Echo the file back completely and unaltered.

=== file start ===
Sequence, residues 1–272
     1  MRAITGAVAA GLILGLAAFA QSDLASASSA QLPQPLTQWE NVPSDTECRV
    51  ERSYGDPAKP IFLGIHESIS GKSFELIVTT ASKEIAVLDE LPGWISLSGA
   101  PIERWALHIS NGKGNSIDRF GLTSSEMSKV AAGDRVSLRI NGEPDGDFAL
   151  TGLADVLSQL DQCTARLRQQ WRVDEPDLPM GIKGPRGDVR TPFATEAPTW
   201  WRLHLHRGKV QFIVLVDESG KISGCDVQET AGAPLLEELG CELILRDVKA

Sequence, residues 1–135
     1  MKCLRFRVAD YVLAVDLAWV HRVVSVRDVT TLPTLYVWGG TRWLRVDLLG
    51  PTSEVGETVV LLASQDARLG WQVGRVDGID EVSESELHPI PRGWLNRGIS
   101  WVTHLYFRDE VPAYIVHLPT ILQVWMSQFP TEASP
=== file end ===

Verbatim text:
Sequence, residues 1–272
     1  MRAITGAVAA GLILGLAAFA QSDLASASSA QLPQPLTQWE NVPSDTECRV
    51  ERSYGDPAKP IFLGIHESIS GKSFELIVTT ASKEIAVLDE LPGWISLSGA
   101  PIERWALHIS NGKGNSIDRF GLTSSEMSKV AAGDRVSLRI NGEPDGDFAL
   151  TGLADVLSQL DQCTARLRQQ WRVDEPDLPM GIKGPRGDVR TPFATEAPTW
   201  WRLHLHRGKV QFIVLVDESG KISGCDVQET AGAPLLEELG CELILRDVKA

Sequence, residues 1–135
     1  MKCLRFRVAD YVLAVDLAWV HRVVSVRDVT TLPTLYVWGG TRWLRVDLLG
    51  PTSEVGETVV LLASQDARLG WQVGRVDGID EVSESELHPI PRGWLNRGIS
   101  WVTHLYFRDE VPAYIVHLPT ILQVWMSQFP TEASP